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Edward Bulwer-Lytton Quotes

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People who are very vain are usually equally susceptible; and they who feel one thing acutely, will so feel another.

Personal liberty is the paramount essential to human dignity and human happiness.

Philosophers have done wisely when they have told us to cultivate our reason rather than our feelings, for reason reconciles us to the daily things of existence; our feelings teach us to yearn after the far, the difficult, the unseen.

Poverty is the wicked man's tempter, the good man's perdition, the proud man's curse, the melancholy man's halter.

Power is so characteristically calm, that calmness in itself has the aspect of power, and forbearance implies strength.

Punctuality is the stern virtue of men of business, and the graceful courtesy of princes.

Rank is a great beautifier.
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Reading without purpose is sauntering, not exercise. More is got from one book on which the thought settles for a definite end in knowledge, than from libraries skimmed over by a wandering eye. A cottage flower gives honey to the bee, a king's garden none to the butterfly.

Real philosophy seeks rather to solve than to deny. While we hear, every day, the small pretenders to science talk of the absurdities of alchemy, and the dream of the Philosopher's Stone, a more erudite knowledge is aware that by alchemists the greatest discoveries in science have been made, and much which still seems abstruse, had we the key to the mystic phraseology they were compelled to adopt, might open the way to yet more noble acquisitions.

Refuse to be ill. Never tell people you are ill; never own it to yourself. Illess is one of those things which a man should resist on principle at the onset.

Remorse is the echo of a lost virtue.

Revenge is a common passion; it is the sin of the uninstructed. - The savage deems it noble; but the religion of Christ, which is the sublime civilizer, emphatically condemns it. Why? Because religion ever seeks to ennoble man; and nothing so debases him as revenge.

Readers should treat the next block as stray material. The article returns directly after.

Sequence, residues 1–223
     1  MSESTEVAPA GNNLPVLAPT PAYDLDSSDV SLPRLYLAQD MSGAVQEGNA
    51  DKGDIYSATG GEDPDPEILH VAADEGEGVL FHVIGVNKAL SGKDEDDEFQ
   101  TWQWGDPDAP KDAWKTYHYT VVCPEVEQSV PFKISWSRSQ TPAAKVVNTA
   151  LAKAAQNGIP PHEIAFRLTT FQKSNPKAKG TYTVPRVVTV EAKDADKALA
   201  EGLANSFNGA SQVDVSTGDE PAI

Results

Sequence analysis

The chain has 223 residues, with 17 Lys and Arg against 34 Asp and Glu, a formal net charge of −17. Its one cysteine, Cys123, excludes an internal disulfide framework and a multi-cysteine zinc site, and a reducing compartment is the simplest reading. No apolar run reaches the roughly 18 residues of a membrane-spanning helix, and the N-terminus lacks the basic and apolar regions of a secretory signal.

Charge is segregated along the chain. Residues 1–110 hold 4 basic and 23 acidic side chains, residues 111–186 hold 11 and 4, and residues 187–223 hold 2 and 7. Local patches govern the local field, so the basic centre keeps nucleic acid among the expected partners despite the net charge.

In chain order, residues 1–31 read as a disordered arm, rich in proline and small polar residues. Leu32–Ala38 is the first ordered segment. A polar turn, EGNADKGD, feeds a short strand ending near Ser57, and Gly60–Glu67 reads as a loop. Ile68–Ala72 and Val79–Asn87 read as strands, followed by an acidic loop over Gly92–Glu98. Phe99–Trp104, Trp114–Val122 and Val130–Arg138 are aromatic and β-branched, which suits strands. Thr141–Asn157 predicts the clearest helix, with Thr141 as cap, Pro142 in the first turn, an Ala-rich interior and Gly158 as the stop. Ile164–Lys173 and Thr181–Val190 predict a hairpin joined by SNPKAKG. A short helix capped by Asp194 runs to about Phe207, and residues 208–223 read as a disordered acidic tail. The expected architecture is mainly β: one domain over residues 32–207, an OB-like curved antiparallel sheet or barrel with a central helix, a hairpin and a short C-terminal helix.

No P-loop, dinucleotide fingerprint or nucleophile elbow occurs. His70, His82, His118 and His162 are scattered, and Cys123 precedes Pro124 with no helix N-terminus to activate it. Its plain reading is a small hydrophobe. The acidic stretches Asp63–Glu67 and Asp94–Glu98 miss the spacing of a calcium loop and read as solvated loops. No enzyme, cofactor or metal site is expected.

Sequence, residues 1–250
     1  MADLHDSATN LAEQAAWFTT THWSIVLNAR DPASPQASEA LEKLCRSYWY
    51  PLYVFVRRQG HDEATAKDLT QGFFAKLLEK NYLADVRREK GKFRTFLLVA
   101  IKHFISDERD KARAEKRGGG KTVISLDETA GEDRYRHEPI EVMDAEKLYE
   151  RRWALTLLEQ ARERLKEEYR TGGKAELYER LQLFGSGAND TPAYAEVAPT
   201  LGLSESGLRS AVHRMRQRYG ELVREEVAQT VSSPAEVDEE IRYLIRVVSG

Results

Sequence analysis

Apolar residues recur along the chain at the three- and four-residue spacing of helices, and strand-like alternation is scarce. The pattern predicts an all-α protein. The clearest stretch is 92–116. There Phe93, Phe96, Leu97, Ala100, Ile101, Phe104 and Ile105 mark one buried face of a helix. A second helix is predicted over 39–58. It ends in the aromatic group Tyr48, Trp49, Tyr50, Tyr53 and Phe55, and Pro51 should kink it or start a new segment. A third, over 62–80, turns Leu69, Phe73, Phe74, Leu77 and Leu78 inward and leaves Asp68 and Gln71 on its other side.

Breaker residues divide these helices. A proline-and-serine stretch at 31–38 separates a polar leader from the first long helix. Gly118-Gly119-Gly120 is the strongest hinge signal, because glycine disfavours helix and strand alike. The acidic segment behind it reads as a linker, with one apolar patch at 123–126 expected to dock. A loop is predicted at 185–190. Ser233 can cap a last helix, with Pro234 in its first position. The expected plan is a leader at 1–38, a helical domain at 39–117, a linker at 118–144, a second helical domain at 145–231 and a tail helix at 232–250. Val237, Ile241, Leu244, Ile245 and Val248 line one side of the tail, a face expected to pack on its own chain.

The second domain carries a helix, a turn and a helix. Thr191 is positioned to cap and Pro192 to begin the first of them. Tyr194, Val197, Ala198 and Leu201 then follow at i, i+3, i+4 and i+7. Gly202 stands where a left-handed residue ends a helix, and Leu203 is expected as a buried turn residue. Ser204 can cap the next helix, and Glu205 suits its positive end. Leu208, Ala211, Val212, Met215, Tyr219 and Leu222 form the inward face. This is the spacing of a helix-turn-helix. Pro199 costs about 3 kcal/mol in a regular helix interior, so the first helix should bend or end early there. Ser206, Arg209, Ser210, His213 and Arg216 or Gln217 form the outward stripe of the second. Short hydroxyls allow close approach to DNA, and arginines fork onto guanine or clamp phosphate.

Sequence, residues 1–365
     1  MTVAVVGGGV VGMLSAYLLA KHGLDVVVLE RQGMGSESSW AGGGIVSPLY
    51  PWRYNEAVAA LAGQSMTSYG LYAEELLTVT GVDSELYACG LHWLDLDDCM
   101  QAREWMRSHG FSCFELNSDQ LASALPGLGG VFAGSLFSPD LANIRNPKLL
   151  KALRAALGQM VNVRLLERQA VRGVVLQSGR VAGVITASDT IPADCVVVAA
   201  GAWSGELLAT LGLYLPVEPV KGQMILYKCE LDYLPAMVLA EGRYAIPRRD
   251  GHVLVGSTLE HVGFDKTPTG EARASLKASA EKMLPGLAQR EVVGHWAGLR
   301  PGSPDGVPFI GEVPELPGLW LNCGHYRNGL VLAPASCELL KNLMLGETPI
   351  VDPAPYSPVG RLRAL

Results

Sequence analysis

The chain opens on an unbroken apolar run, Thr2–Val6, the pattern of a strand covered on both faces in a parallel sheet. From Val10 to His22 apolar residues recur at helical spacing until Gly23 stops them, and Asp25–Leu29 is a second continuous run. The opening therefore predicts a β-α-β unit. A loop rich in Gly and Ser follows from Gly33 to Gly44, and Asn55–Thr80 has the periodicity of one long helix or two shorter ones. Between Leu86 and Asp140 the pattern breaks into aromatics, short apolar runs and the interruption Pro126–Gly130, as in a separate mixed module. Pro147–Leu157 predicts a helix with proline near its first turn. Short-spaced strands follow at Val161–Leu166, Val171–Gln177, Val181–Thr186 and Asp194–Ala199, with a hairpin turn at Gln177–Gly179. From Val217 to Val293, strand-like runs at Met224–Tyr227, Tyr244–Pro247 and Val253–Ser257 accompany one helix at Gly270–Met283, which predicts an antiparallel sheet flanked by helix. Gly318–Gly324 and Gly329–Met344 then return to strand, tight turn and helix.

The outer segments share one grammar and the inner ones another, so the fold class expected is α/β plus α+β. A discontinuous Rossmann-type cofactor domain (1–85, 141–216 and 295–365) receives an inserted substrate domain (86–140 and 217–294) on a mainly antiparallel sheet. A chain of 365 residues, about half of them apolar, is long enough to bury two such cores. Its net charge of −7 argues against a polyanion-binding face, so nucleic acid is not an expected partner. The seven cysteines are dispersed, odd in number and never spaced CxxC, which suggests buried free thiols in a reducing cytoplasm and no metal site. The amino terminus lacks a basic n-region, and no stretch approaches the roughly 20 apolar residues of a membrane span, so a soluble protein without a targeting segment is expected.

Say what we will, we may be sure that ambition is an error. Its wear and tear of heart are never recompensed; it steals away the freshness of life; it deadens our vivid and social enjoyments; it shuts our souls to our youth; and we are old ere we remember that we have made a fever and a labor of our raciest years.

Society is a wall of very strong masonry, as it now stands; it may be sapped in the course of a thousand years, but stormed in a day - no! You dash your head against it - you scatter your brains, and you dislodge a stone. Society smiles in scorn, effaces the stain, and replaces the stone.

Strike from mankind the principle of faith, and men would have no more history than a flock of sheep.

Sublime philosophy! thou art the patriarch's ladder, reaching heaven and bright with beckoning angels; but, alas' we see thee, like the patriarch, but in dreams, by the first step, dull slumbering on the earth.

Take away the sword; states can be saved without it; bring the pen!

Take in the ideas of the day, drain off those of yesterday. As to the morrow, time enough to consider it when it becomes today.
[The Present]

Tell me not of the pain of falsehood to the slandered! There is nothing so agonizing to the fine skin of vanity as the application of a rough truth.

That life only is truly free which rules and suffices for itself.

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